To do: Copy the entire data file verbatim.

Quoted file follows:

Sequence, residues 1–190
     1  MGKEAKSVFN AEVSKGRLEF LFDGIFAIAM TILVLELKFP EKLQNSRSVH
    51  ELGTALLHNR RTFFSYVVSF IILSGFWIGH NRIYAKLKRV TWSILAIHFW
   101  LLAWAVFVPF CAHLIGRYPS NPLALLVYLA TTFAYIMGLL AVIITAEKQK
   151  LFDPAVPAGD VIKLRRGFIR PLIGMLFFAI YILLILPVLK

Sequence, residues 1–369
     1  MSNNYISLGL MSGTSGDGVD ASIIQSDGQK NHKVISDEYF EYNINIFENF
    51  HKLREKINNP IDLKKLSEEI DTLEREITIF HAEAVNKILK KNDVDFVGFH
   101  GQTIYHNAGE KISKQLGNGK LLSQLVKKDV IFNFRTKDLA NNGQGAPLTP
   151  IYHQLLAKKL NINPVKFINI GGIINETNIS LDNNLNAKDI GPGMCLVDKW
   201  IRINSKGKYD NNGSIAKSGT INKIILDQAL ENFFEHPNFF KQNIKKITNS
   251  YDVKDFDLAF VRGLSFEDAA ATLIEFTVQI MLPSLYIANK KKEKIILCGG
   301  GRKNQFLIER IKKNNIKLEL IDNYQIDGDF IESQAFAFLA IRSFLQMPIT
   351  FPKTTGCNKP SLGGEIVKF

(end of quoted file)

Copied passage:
Sequence, residues 1–190
     1  MGKEAKSVFN AEVSKGRLEF LFDGIFAIAM TILVLELKFP EKLQNSRSVH
    51  ELGTALLHNR RTFFSYVVSF IILSGFWIGH NRIYAKLKRV TWSILAIHFW
   101  LLAWAVFVPF CAHLIGRYPS NPLALLVYLA TTFAYIMGLL AVIITAEKQK
   151  LFDPAVPAGD VIKLRRGFIR PLIGMLFFAI YILLILPVLK

Sequence, residues 1–369
     1  MSNNYISLGL MSGTSGDGVD ASIIQSDGQK NHKVISDEYF EYNINIFENF
    51  HKLREKINNP IDLKKLSEEI DTLEREITIF HAEAVNKILK KNDVDFVGFH
   101  GQTIYHNAGE KISKQLGNGK LLSQLVKKDV IFNFRTKDLA NNGQGAPLTP
   151  IYHQLLAKKL NINPVKFINI GGIINETNIS LDNNLNAKDI GPGMCLVDKW
   201  IRINSKGKYD NNGSIAKSGT INKIILDQAL ENFFEHPNFF KQNIKKITNS
   251  YDVKDFDLAF VRGLSFEDAA ATLIEFTVQI MLPSLYIANK KKEKIILCGG
   301  GRKNQFLIER IKKNNIKLEL IDNYQIDGDF IESQAFAFLA IRSFLQMPIT
   351  FPKTTGCNKP SLGGEIVKF